Deciding what small tree to squeeze into a modern pint-pot garden can be a real problem. A look at a tree nursery list will have you salivating but if space is challenged, stop right there. Drool away by all means but do not buy anything on impulse.
Never ever buy a tree without paying close attention to the final size that your specimen will reach. Many are parkland trees.
My next door neighbours have a garden 40 metres long and in to it are packed the following: two eucalyptus, one Norway sycamore and a liquidambar. All will make over 20 metres in height. Expensive work for the tree surgeon will ensue and the house itself might suffer from roots questing for water and stability. So what should you grow?
An elegant solution is the common willow Salix viminalis. With an annual haircut you can keep it to the size you want. Willows put on good growth in one season and new stems are rich and vivid in colour. Give the plant an annual short back and sides and you will have the perfect mini-tree that will not outgrow allotted space.
An excellent way to treat your willow is to establish three main stems and to cut them back to about a metre and a half. This gives the extra height. The beauty of three stems is that you can rotate your hard hairdo – two one year and the third the following. That way you will always have a framework of branches to look at.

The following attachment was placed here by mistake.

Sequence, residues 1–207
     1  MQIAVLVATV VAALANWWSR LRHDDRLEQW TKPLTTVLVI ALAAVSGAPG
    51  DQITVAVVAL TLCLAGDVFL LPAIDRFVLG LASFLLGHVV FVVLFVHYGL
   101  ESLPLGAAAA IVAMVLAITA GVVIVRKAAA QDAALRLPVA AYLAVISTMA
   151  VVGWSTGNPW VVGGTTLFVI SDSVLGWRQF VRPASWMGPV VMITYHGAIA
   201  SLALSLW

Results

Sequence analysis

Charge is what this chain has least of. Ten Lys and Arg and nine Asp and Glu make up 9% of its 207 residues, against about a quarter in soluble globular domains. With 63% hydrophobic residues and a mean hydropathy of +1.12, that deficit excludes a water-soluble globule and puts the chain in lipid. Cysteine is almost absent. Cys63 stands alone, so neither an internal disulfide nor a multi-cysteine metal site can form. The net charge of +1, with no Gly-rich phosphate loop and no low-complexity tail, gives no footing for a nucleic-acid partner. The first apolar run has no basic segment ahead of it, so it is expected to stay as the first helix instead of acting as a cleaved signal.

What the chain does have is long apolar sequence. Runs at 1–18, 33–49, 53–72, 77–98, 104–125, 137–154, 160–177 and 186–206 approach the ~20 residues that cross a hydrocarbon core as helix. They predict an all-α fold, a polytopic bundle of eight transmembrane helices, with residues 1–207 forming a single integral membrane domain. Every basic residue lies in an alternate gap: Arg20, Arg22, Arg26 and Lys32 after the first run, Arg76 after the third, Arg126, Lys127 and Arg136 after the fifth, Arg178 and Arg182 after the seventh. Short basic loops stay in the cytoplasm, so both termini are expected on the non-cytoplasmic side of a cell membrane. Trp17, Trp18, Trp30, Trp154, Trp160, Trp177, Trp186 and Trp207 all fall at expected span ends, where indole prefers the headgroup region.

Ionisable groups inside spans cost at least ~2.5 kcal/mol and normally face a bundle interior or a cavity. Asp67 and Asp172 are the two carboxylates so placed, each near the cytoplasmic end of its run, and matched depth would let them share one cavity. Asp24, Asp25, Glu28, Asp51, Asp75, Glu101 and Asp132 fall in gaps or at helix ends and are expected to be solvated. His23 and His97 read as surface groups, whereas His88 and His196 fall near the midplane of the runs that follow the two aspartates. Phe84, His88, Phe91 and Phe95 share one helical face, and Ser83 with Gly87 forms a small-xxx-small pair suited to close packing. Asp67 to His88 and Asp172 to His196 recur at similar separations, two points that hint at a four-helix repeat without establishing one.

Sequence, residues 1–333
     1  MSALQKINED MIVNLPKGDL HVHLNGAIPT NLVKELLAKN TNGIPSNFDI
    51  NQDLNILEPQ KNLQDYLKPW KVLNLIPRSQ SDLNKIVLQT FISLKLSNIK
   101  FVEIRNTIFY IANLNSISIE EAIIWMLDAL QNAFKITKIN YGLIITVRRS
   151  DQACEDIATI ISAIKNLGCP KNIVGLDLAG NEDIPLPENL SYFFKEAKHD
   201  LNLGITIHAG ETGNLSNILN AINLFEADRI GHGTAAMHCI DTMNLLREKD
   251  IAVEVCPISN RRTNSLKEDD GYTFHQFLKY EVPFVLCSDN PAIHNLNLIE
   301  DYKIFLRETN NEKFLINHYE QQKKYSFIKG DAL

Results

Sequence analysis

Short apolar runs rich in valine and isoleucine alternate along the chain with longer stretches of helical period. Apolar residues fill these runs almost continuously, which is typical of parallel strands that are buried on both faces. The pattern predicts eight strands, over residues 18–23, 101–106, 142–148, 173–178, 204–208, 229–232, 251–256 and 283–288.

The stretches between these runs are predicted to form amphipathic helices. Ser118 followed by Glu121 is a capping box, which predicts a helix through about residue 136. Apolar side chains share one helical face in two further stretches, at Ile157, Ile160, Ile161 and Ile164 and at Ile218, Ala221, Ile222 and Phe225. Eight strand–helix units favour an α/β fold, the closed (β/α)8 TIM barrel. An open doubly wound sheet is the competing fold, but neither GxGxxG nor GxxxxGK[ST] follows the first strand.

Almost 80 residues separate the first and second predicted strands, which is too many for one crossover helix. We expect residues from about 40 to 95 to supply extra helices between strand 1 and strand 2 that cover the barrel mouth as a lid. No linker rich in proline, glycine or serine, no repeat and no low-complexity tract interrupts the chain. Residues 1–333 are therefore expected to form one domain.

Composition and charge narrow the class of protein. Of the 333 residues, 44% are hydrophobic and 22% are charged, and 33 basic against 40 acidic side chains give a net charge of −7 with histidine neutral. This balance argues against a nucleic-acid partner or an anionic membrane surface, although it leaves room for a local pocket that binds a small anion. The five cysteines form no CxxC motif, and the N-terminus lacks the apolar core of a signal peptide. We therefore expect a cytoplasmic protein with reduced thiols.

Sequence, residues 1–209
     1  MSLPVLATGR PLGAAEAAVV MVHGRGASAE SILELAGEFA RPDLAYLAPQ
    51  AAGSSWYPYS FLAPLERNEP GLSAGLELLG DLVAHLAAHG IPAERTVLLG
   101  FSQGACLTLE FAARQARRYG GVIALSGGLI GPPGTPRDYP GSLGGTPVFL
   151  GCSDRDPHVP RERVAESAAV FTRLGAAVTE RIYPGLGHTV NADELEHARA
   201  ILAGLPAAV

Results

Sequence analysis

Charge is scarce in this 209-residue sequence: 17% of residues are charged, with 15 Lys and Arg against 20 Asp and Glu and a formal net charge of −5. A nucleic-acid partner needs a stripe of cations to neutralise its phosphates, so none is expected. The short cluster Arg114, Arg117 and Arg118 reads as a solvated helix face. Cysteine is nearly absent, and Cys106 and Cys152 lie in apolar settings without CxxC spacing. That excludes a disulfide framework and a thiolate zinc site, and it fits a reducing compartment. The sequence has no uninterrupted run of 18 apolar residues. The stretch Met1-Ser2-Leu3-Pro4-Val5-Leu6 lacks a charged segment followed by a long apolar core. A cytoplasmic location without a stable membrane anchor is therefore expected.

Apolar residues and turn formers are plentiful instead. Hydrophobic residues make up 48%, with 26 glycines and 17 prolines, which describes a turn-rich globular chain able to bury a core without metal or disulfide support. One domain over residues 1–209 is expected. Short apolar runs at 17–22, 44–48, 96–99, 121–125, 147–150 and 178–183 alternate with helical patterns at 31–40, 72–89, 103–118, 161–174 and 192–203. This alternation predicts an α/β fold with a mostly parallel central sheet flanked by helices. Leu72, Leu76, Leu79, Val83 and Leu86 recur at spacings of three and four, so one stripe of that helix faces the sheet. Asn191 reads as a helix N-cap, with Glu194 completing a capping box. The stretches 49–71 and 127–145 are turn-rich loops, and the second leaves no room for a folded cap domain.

There is a large selection of willows to choose from – go with the branch colours you like best. There are oranges, blacks, yellow. Their silvery leaves are pretty good too and look graceful all summer long.
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Catharine Howard is a designer, garden coach, the gardening editor of Essential Suffolk Magazine, and garden writer. Topics are anything to do with horticulture and the inspiration behind design. She lives and gardens in Suffolk. Catharine also contributes to ThinkinGardens, Guardian garden blog and IntoGardens.